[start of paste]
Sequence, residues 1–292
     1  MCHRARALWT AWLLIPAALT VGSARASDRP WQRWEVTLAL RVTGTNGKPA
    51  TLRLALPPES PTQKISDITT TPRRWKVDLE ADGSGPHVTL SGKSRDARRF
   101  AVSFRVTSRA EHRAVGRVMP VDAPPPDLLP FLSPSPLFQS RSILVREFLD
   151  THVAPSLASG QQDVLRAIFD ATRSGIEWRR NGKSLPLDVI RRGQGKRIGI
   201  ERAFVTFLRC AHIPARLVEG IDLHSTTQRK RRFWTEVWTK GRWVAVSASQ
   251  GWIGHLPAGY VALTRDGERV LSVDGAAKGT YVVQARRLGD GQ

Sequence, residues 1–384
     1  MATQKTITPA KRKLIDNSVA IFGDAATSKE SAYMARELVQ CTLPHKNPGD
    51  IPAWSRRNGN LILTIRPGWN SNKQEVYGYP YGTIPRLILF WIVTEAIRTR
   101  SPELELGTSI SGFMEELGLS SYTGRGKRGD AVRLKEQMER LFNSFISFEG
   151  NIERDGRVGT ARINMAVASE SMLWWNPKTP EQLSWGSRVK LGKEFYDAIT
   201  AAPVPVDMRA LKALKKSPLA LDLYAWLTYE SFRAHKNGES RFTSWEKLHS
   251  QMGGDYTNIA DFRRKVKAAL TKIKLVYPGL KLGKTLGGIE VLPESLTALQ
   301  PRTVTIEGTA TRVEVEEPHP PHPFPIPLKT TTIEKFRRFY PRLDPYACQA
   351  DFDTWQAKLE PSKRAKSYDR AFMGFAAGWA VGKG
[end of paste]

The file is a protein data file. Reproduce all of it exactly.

Sequence, residues 1–292
     1  MCHRARALWT AWLLIPAALT VGSARASDRP WQRWEVTLAL RVTGTNGKPA
    51  TLRLALPPES PTQKISDITT TPRRWKVDLE ADGSGPHVTL SGKSRDARRF
   101  AVSFRVTSRA EHRAVGRVMP VDAPPPDLLP FLSPSPLFQS RSILVREFLD
   151  THVAPSLASG QQDVLRAIFD ATRSGIEWRR NGKSLPLDVI RRGQGKRIGI
   201  ERAFVTFLRC AHIPARLVEG IDLHSTTQRK RRFWTEVWTK GRWVAVSASQ
   251  GWIGHLPAGY VALTRDGERV LSVDGAAKGT YVVQARRLGD GQ

Sequence, residues 1–384
     1  MATQKTITPA KRKLIDNSVA IFGDAATSKE SAYMARELVQ CTLPHKNPGD
    51  IPAWSRRNGN LILTIRPGWN SNKQEVYGYP YGTIPRLILF WIVTEAIRTR
   101  SPELELGTSI SGFMEELGLS SYTGRGKRGD AVRLKEQMER LFNSFISFEG
   151  NIERDGRVGT ARINMAVASE SMLWWNPKTP EQLSWGSRVK LGKEFYDAIT
   201  AAPVPVDMRA LKALKKSPLA LDLYAWLTYE SFRAHKNGES RFTSWEKLHS
   251  QMGGDYTNIA DFRRKVKAAL TKIKLVYPGL KLGKTLGGIE VLPESLTALQ
   301  PRTVTIEGTA TRVEVEEPHP PHPFPIPLKT TTIEKFRRFY PRLDPYACQA
   351  DFDTWQAKLE PSKRAKSYDR AFMGFAAGWA VGKG